This week at the Trust, we have been focusing heavily on practical Conservation methods.
Last weekend, I was scrolling through Instagram (always a good use of time) when I came across a photo of someone holding hands with an Orangutan. After seeing this photo, I began to scroll through the Bukit Lawang location tag on Instagram – only to realise how many pictures showed bad practice with wild animals. Having spoken to many of the local guides here in Bukit Lawang I found how touching orangutans harms them – it puts them not only at risk of human diseases, but it also reduces the chances of them learning to naturally forage for food.
Having pointed this issue out to our Head of Conservation (who wastes far less of his time on social media than I do) we devised our new #lookbutdonttouch Campaign which Sam launched on Monday.
From conversations with guides during our time here, it has become clear that many of the guides feel pressured to get their clients up close and personal with wild animals. This expectation is fuelled, in part, by the multitude of images on Facebook, Instagram and other social media platforms, of bad practice in the form of touching feeding and holding wild animals in the Jungle. Our goal with the #lookbutdonttouch campaign is to work together, to educate people, which in turn should reduce the pressure on guides here in Bukit Lawang and further afield. We invite everyone to join us in our campaign, commenting on any photos of unethical practice which we see online. For anyone interested in aiding Orangutans and other wildlife here in Sumatra, feel free to donate £1 to our Paypal: email@example.com. We will use this money to plant a tree here in the Leuser Eco-system, but don’t forget to add your name and the #lookbutdonttouch so that we know to set this money aside for tree planting!
As part of our campaign, we have been commenting on photos on Instagram using our own hashtag, #lookbutdonttouch, as well as partnering with Green Hill Bukit Lawang and sharing their existing hashtags - #badselfie #keepwildlifewild #bukitlawangisnotazoo #selfieaware and #selfishselfie. I am however, extremely disappointed by the number of people who have chosen to simply delete our comments and leave their Instagram posts up, rather than taking accountability for their actions and admitting that they have made a mistake. Your Instagram should not be worth more to you than the life of an entire species.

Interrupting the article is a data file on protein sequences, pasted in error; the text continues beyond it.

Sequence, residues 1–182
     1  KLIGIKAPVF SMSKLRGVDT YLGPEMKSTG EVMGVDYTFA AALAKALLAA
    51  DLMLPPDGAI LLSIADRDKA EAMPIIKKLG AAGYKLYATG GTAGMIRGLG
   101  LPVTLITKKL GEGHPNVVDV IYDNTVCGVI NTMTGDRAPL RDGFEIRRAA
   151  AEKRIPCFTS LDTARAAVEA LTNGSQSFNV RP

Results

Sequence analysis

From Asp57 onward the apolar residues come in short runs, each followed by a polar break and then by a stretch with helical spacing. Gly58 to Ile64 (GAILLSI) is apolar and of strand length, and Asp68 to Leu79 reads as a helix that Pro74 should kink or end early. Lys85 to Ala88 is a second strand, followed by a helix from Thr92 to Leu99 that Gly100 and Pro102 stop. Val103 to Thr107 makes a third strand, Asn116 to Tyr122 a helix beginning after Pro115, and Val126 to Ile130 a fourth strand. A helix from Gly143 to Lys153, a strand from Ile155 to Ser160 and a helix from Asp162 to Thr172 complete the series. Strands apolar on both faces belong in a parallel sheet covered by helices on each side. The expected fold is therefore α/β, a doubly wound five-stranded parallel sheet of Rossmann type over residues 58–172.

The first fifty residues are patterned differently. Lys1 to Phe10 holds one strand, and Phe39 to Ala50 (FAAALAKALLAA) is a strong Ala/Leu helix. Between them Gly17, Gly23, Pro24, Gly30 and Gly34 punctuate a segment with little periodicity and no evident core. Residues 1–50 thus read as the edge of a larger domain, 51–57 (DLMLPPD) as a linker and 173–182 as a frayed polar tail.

On a happier note, every day this week we have been taking our students up to the edge of the Jungle. This has been fantastic for everyone, and the students have been putting into practice all of the skills they have learnt on their Youth Ranger Programme with Sam, like remaining quiet in the Jungle, using hand signals and spotting animal tracks on route. Its been a real joy to watch these children develop a sense of responsibility for the Jungle and to see them crowd together around animal tracks, trying to identify them and to watch them hush one another into an excited silence as they tried to spot wild pigs, monkeys and snakes!
Last night, we held a Halloween party here at the Trust – A pretty alien concept here in Indonesia. We carved watermelons instead of the traditional pumpkins and our costumes consisted mainly of face paint from Kindergarten! The staff here were a little scared, but the girls joined us in some traditional European Halloween games and indeed beat us at many of them!
After a week of trekking to the Jungle every day, we are all very ready for a weekend of rest!
Terima Kasih Banyak for reading!
Rosie – Head of Education